Visit Coggeshall: Places to stay, things to do

If you think Essex is a flat, uninteresting county think again. Nick Peers discovers its rural heart is more a piece of East Anglia than the London suburbs


Image: © Copyright Robert Edwards and licensed for reuse under this Creative Commons Licence
Why go there

Coggeshall is the perfect spot to base yourself for exploring north Essex, situated halfway between Colchester and Braintree. The town grew up on a Roman road – evidence of a settlement goes back to Saxon times, and there are plenty of stunning historic barns and buildings dotted through the village that date back through the centuries.
One of these – Paycocke’s House – is now administered by the National Trust, although sadly it’s not open until April. The same is true of the medieval Coggeshall Grange Barn, but a similar collection of buildings can be viewed at Cressing Temple, a few miles south-west.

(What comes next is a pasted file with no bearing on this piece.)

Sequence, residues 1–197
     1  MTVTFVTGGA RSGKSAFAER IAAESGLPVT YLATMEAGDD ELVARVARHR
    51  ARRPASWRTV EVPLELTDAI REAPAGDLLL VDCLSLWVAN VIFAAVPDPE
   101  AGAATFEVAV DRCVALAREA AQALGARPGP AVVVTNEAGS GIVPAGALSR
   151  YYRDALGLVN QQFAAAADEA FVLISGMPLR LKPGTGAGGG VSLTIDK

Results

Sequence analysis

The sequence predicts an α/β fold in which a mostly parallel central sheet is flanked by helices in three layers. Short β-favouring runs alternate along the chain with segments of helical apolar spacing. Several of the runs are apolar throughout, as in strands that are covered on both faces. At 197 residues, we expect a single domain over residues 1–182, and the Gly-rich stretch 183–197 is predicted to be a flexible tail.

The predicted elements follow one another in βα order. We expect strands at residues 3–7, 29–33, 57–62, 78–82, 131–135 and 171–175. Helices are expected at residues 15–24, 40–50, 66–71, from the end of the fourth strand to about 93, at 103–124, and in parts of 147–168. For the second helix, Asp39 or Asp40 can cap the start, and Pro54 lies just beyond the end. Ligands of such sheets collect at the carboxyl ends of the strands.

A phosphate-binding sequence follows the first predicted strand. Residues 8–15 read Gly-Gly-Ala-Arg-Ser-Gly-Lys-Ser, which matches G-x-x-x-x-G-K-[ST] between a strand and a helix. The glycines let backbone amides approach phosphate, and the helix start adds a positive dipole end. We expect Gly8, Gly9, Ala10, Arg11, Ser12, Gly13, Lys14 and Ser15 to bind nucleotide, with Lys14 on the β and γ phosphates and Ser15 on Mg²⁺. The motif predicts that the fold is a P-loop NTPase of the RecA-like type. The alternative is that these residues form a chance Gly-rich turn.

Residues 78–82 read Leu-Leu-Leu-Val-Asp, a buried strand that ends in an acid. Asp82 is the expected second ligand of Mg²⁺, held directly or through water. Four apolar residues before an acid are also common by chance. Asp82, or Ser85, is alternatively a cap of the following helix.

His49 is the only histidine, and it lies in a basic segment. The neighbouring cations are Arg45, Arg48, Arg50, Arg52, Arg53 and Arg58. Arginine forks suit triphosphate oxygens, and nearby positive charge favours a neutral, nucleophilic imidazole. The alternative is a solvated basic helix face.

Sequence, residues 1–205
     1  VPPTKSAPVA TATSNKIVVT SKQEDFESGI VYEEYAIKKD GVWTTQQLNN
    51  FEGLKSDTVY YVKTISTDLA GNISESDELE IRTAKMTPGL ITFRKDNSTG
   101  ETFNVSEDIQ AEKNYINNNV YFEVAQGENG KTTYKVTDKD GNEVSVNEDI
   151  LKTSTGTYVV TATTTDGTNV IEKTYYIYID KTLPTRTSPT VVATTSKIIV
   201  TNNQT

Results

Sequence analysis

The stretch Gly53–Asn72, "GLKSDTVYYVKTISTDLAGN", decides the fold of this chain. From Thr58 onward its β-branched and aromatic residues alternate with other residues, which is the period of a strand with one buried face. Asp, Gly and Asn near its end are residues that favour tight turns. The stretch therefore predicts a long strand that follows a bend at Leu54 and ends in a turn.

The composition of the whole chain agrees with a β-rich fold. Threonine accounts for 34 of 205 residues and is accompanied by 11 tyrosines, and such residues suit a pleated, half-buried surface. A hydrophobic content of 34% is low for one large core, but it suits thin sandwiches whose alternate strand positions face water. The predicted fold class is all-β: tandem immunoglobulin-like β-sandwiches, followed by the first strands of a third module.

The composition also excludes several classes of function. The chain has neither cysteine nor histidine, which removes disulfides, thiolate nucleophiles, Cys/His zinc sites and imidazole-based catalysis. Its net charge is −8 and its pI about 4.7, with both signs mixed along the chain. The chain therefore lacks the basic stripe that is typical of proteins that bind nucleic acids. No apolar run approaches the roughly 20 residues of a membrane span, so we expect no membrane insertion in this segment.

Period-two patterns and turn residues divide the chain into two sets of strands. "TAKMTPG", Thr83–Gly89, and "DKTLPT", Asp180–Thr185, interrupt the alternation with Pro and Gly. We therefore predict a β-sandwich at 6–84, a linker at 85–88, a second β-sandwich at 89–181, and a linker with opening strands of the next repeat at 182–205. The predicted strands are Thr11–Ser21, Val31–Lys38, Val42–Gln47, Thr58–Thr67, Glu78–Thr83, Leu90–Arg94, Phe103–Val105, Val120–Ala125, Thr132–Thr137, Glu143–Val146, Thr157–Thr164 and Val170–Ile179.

Other places worth visiting include Marks Hall Garden and Arboretum, and Heddingham Castle, though it’s only open on Sundays at this time of year.
If wildlife watching is your thing, try to find the time to head to the coast – Mersea Island or Walton-on-the-Naze are two good spots. There are also a number of Essex Wildlife Trust reserves within reasonable striking distance, from the closest at Brookes Reserve, to the more extensive reserve on the shores of Abberton Reservoir. RSPB members might also want to venture to Old Hall Marshes, which is the other side of Tiptree to the south of Colchester.

Where to stay
The White Hart sits in the heart of Coggeshall and the building dates back to the 15th century. There are 18 rooms available, and bed and breakfast starts from as little as £65 for a double room.
Where to eat
If luxury dining is your thing, then Baumann’s Brasserie offers an extensive a la carte menu from locally sourced ingredients. If your budget is tight, try the restaurant’s house menu at £23 a head for three courses, including coffee, or check out one of the local pub menus, such as that offered at The Chapel Inn.
Tell us a local secret
The gatehouse of Coggeshall Abbey, St Nicholas’ Chapel, dates back to around 1220. It’s believed to be the oldest surviving example of a brick-built building constructed in the post-Roman period.